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New FDIC Rule Proposals Would Restrict Private Equity Investment in Failed Banks

Anthony Randazzo
July 2, 2009, 7:14pm

Earlier today, the FDIC voted to move forward a proposal that would place restrictions on private equity groups seeking to participate in restoring failed banks. The WSJ reports:

The Federal Deposit Insurance Corp.'s board of directors on Thursday voted to seek comment on a proposal that would set new limits on allowing private equity firms to purchase failed banks. The staff proposal calls for investors to maintain certain capital levels at the acquired bank—a minimum 15% Tier 1 leverage ratio for at least three years—and would put other restrictions on ownership changes and where credit can be extended.

Beyond the capital requirements, the proposal would prevent certain types of investment structures from purchasing a failed FDIC-insured institution. Specifically, agency staff said it would not be appropriate to allow firms "involving complex and functionally opaque ownership structures" to buy a failed bank. Bair said the FDIC has already received bids from some firms whose legal structures raised red flags, which is one of the reasons they want to put the new rules in place.

This proposal is troubling, especially considering there have been 51 bank failures in the past 18 months. When private equity very interested in investing in these failed banks to bring them out of bankruptcy, such restrictions threaten to extend the amount of time failed banks feed off FDIC life support. The WSJ report continues:

But critics were quick to suggest the proposal in its current form would be too prohibitive and would discourage private equity investment.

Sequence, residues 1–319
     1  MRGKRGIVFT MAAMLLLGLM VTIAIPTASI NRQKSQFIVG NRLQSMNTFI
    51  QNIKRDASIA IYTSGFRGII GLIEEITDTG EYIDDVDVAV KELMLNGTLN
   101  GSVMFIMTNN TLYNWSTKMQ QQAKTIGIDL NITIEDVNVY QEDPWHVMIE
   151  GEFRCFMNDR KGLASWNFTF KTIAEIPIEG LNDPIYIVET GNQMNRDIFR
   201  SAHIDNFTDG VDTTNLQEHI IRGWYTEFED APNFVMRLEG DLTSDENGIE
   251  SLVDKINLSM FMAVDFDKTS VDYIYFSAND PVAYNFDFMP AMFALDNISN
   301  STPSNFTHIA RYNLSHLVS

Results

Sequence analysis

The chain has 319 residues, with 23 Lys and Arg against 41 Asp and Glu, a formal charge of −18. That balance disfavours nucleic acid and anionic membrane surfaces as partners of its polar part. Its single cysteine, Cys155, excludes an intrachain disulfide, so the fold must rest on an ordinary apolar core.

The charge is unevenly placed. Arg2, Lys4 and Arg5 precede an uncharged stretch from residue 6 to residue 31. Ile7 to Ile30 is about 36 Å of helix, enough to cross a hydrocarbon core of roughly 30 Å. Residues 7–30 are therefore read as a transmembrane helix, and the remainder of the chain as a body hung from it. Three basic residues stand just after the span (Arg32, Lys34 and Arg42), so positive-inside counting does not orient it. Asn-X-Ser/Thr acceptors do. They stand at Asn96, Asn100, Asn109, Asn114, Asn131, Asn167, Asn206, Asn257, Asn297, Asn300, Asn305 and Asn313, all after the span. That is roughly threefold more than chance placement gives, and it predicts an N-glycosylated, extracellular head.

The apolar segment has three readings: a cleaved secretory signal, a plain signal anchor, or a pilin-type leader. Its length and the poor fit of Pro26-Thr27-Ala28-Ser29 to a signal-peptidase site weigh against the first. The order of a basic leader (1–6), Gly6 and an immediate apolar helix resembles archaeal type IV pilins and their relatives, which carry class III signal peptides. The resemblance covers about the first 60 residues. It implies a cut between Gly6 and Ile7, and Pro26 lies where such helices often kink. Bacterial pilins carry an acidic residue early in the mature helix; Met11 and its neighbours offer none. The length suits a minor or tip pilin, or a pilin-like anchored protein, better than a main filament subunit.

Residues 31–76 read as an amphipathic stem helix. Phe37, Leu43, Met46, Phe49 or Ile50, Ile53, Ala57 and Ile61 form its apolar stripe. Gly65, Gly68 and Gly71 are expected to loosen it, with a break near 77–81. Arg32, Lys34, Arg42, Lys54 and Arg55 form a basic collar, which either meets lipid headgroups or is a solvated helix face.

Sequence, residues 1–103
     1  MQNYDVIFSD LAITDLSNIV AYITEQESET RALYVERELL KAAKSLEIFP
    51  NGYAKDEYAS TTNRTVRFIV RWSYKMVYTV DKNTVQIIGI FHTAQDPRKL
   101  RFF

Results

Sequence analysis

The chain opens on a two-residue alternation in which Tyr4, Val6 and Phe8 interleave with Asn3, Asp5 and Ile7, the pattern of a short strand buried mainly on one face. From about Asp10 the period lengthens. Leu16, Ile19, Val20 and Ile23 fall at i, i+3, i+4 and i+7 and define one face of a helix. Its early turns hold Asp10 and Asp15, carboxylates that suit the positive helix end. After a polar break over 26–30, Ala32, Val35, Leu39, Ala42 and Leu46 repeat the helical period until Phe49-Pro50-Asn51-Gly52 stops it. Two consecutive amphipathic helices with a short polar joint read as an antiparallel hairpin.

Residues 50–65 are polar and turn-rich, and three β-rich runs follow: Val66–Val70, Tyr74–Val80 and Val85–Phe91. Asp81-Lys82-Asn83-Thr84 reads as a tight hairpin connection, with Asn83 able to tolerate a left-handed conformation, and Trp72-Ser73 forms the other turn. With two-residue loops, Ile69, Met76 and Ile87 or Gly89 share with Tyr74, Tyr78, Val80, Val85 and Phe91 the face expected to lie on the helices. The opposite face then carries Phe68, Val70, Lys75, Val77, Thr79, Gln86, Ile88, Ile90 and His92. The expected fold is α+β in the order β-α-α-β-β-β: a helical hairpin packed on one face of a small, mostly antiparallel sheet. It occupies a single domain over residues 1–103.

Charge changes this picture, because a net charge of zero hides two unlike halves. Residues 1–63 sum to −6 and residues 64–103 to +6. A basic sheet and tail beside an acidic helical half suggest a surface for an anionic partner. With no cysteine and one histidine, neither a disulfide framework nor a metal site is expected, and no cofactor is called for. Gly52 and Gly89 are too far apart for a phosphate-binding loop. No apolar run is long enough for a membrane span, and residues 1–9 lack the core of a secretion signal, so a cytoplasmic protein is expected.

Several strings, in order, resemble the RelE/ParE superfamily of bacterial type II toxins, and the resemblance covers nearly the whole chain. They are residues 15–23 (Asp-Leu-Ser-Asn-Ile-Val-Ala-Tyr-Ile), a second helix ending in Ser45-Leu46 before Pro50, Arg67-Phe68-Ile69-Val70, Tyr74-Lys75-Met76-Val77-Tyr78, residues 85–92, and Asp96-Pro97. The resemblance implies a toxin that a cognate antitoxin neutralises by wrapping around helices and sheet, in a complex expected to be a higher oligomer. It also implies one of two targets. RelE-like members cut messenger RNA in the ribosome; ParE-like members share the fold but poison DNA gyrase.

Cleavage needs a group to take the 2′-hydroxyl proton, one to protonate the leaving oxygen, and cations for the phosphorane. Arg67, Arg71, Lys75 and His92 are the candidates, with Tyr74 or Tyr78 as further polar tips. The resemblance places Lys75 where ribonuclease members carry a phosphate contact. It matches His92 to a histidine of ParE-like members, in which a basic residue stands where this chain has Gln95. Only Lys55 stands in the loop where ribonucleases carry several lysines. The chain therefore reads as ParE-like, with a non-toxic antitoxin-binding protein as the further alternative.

"It may be well intentioned but I think it could guarantee that there will be no more private equity coming into banks," investor Wilbur Ross told Dow Jones Newswires. Ross' investment firm was part of the private-equity consortium that negotiated with the FDIC to acquire failed Florida bank BankUnited FSB in May. [...]

Comptroller of the Currency John Dugan said he was concerned that some of the restrictions are too onerous, and suggested they should be scaled back before a final rule is put in place.

Dugan was not alone in his concerns. The requirement to keep the bank "well capitalized" even after three years and other restrictions that could affect smaller shareholders could dissuade private equity firms from buying banks, said Lawrence Kaplan, an attorney at Paul, Hastings, Janofsky & Walker LLP.

"Even in proposed format, it's very frightening to entities that are not used to dealing with the government," Mr. Kaplan, a former attorney at the Office of Thrift Supervision, said of the proposal.

So the question becomes, why is the FDIC doing this?

"There is a significant need for capital and there's significant capital out there...We want to accommodate that, but accommodate it in a way that is prudent," FDIC Chairman Sheila Bair said in a statement. [...]

Regulators, however, are wary that private investors may not be committed to the long-term ownership of a healthy bank and that allowing some firms into the market could just result in future bank failures.

"We are particularly concerned with the owners' ability to support depository institutions with adequate capital and management expertise," Ms. Bair said.

Thus is the problem with market regulation, it too often restricts opportunities to create wealth. It is understandable that the FDIC be prudent in who is sells the banks it has receivership power over too. Afterall, they have to clean up the mess if the bank fails again. But it is also imprudent to require three year interest stakes in a bank when dozens of banks are sitting around looking for buyers.


Anthony Randazzo is Director of Economic Research


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